And it is not just training. There can be any number of needs immediately after adoption. It was only two days after I adopted Bella that I noticed she would squat to urinate but nothing was coming out. I took her straight to the vet where it was determined she had a UTI. That is no reflection on the shelter, who cares for hundreds of dogs, it is just a part of adopting a pet.

Adopting a pet is a wonderful experience. Just be sure to give thought to all aspects of the adoption, not just the fun part of bringing them home. Be sure to investigate the life expectancy of your pet. My pet’s breed has a life expectancy of 21 years. That means I’ll be approaching 70 years old at the end of her life. I asked myself before adopting her if I was prepared to have a dog until I am 70 years old. My answer was yes.

Pets are an investment of time, love and money and we must be sure we are prepared to fulfill all aspects of the investment for the lifetime of the pet. The return on that investment is priceless!

Chance’s Chance

They say as a rescuer that there will some day be “that dog”, the foster that you can never forget. In my case it is two dogs, who were in foster care together at my house at the same time, and were the best of friends. Both had horrific, cruel, abusive, tortured pasts before coming to me. But both were fighters and they learned to love and trust again, in spite of all that had been inflicted on them by humans.

Jeffrey was found in a plastic pet carrier in a field in the blazing hot summer heat of Miami. He was malnourished, covered in urine burns and paralyzed in his back legs. He was so scared he bit everyone.

Chance was tortured by his owners. Literally. He was also paralyzed in his back legs. But he had the added insult of having something tied to his leg so tightly and for so long, the bottom half of the leg died and had to be removed. Later the remainder of the leg would have to be removed as well.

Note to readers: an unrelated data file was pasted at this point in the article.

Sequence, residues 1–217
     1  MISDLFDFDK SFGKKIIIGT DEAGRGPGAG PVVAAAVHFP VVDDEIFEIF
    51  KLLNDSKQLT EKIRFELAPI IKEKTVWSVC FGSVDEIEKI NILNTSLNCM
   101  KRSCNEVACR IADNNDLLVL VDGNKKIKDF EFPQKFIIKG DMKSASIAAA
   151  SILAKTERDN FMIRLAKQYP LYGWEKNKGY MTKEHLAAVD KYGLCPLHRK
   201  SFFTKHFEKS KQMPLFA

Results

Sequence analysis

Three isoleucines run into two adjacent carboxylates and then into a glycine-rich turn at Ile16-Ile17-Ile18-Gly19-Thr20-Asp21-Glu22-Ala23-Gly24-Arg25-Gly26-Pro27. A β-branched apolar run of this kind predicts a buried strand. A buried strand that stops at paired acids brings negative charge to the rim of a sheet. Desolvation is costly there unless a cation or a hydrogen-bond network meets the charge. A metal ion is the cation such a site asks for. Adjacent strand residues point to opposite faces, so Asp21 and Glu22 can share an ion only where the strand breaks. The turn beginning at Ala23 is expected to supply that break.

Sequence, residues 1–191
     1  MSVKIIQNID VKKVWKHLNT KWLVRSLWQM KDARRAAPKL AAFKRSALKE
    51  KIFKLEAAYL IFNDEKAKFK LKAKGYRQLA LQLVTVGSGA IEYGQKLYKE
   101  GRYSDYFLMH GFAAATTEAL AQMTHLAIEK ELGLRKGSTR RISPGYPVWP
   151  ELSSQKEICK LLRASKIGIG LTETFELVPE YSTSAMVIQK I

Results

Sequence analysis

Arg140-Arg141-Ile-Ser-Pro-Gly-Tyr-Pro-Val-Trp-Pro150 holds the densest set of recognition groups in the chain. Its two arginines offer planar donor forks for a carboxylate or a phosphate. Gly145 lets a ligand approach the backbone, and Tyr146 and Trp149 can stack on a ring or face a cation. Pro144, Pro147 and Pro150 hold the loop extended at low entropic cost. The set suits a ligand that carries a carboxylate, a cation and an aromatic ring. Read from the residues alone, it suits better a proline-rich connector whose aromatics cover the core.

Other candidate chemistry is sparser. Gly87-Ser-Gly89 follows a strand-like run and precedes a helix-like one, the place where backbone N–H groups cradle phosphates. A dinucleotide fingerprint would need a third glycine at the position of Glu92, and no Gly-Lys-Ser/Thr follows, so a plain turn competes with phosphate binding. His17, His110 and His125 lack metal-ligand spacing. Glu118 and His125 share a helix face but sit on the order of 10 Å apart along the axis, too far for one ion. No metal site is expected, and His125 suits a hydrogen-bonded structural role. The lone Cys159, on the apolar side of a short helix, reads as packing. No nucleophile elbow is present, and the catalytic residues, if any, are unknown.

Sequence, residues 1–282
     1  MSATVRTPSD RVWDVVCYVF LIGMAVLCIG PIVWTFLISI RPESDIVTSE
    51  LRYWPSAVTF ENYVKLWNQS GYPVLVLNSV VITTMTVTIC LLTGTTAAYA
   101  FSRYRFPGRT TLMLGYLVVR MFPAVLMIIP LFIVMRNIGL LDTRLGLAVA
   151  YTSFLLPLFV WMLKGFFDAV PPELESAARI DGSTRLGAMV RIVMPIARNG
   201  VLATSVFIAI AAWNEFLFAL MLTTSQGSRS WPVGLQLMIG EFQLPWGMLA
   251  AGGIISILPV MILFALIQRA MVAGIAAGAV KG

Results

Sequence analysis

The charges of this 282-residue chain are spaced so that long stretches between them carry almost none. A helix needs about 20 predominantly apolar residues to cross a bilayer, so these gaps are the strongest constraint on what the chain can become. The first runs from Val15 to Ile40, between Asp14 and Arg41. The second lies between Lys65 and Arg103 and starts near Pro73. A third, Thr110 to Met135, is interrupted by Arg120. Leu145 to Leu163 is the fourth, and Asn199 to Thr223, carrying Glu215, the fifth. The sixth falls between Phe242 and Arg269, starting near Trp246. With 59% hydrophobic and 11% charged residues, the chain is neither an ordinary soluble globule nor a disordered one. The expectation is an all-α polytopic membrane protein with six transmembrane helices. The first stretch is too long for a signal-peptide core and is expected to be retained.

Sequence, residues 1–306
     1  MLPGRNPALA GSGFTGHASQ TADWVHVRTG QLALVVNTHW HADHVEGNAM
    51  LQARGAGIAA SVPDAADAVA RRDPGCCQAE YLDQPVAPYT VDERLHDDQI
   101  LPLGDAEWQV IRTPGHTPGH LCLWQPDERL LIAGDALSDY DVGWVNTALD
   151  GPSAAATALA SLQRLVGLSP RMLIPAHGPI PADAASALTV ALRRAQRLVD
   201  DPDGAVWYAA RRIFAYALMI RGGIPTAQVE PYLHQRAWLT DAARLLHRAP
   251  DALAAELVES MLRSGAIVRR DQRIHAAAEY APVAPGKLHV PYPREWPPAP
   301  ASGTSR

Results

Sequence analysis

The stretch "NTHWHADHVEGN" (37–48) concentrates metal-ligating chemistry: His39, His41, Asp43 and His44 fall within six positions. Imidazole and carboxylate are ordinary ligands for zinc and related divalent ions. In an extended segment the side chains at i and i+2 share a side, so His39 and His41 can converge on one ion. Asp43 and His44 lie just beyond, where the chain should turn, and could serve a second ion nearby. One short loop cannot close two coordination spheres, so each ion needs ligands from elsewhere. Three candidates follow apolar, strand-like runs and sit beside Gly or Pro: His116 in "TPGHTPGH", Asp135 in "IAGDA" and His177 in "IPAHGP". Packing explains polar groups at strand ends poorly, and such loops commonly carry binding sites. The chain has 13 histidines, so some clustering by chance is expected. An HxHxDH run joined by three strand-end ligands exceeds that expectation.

Chance and Jeffrey became the very best of friends. They snuggled and slept together. As you can imagine with such histories and with paralysis, and in Chance’s case even amputation, there were no applications submitted to adopt them. But they were loved and happy. Jeffrey learned to trust enough not to bite people. Both of them learned to be mobile with their paralysis. Honestly, it never slowed either one of them down. Jeffrey learned to use his cart. Chance never really seemed to like his.

But chaos struck my life in the third year the boys were in foster care with me. I lost my house and so they had to be moved. It ripped my heart out to send them to another foster home. And it ripped my heart out again to learn that they had been separated. I knew it was likely as it’s hard to find foster space for two special needs dogs together, but I had hoped.